Ten Little Herrings.
A Graph Review
65 highpoints up to 75
Published by Pan Books 2010
Paperback. 247pp. 978 0330 47213 5 £7.99
I enjoyed the first outing of Ethelred and Elsie enough to be curious of the second title. L.C.Tyler’s style caught me in its fine net and I sort-of cared about the exaggerated reality of these two people. As Tyler, rather Ethelred, says at some point, authors usually take an added interest in their characters lives, albeit those characters can sometimes go their own, misdirected routes. As a reader you can also feel attached and it is good to be able to follow these favourites into a sequel of Herring Seller’s Apprentice.
With nice short chapters, Ethelred and Elsie take it in turn, each in different font, to tell the story. Print is normal size for the small paperback but wider spaced lines make it a super fast and easy read.
Elsie and Ethelred, the prime characters, sometime prime suspects, take it in turn to progress the narrative in their own ways. A useful method of giving the reader information before passing it to their companion, or not, as the story unravels. Ethelred sometimes gives a mini- tour into the arts and facts of murder and crime writing, which is interesting, especially when mixed with a seeming anarchic way of progressing in a case. But here Ethelred is a writer of crime novels, not one of his cool creations. That is the extra interest for me, the mix of L C Tyler with a writer as a lead character and the ‘actual’ insights you can glean from Ethelred’s asides. (see my fingers twitching to emphasise the quotation marks) Add the novelty of a long-term literary agent as co-star and their different perspectives in the relationship and ways of dealing with the misadventures they find themselves in and you have another fine crime novel. Plus a bonus of being elemental comic.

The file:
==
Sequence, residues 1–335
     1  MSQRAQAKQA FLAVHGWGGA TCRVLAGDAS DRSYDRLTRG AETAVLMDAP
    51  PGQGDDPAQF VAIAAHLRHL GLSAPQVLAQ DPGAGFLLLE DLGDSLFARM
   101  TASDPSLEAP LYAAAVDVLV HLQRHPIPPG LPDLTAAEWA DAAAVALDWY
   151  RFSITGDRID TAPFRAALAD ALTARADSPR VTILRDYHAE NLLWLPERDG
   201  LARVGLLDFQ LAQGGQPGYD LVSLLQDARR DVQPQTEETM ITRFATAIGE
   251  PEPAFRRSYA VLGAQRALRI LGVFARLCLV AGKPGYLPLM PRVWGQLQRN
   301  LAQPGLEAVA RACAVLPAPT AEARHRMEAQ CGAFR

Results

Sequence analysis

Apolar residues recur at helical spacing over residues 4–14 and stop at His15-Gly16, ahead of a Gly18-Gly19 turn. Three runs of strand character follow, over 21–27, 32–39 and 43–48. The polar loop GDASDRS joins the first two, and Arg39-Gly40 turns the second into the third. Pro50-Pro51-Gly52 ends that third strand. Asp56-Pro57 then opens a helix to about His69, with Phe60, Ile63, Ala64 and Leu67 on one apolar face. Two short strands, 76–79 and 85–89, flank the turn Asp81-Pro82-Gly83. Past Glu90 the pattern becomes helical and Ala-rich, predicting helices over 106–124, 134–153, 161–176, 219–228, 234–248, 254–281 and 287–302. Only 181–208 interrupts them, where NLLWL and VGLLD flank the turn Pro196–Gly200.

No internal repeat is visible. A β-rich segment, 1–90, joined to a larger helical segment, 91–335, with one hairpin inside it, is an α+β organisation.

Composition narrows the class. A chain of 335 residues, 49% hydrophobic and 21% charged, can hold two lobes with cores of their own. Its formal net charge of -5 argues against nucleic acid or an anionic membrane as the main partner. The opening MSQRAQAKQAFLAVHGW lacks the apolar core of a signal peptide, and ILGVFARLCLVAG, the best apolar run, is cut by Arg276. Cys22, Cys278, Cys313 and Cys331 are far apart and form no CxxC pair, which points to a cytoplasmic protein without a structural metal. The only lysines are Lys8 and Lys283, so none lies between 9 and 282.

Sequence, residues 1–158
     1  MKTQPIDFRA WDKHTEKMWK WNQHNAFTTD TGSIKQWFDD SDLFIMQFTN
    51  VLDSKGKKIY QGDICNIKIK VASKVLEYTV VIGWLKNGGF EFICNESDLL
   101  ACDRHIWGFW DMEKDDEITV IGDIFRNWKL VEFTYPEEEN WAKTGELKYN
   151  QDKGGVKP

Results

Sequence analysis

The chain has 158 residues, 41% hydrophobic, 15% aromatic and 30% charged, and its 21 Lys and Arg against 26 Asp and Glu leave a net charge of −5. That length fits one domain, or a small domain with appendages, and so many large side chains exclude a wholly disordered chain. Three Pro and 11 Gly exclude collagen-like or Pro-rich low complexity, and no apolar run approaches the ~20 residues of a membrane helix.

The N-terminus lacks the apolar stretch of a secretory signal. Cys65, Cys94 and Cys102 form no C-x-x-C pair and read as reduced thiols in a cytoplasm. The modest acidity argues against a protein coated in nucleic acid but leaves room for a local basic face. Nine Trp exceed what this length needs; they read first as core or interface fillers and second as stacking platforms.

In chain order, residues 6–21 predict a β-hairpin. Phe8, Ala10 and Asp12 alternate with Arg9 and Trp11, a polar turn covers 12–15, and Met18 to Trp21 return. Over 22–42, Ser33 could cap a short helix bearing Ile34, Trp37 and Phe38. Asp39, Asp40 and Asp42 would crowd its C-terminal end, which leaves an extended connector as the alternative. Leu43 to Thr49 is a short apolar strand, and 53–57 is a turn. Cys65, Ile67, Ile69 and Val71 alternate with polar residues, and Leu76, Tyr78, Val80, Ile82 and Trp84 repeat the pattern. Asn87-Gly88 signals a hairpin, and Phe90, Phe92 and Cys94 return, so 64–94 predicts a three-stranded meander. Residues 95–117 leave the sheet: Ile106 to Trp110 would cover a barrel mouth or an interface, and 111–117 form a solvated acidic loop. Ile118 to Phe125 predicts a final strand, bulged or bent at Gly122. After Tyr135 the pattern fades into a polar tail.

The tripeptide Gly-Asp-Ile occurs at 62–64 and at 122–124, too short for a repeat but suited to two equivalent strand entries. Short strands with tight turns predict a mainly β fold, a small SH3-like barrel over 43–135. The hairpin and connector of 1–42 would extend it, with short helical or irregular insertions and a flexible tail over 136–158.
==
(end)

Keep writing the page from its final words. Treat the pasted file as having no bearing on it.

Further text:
The novel begins where the last finished. Slight time-lapses and half-truth communications follow, with events leading to them meeting in a French hotel, a stamp-fair, two deaths, a small group of suspects and assorted comings and goings involving empty envelopes, chocolates and secret dealings. French police are, of course, usefully involved.
What more would you want in a classic scenario by an author who probably also likes Russian dolls?
Crime can be fun! Dare I say that? However, if you prefer your crime fiction humourless then this may not be your favourite chocolate. The plotting here is exceptional throughout with Agatha Christie-like setting in a Chateau/Hotel and a twisting of characters and plot line. The story gathers momentum nicely with action and suspicion thrown in all directions and with a fine-paced denouement at the end. And a postscript; always good to have one of those.
Titles from this series have twice been nominated for Edgar Allan Poe Awards in the US. Herring in the Library won the Goldsboro Last Laugh Award. Four other titles in this series have been published.
See: Herring Seller’s Apprentice; Graph Review.
L C Tyler is currently vice-chair of the Crime Writer’s Association.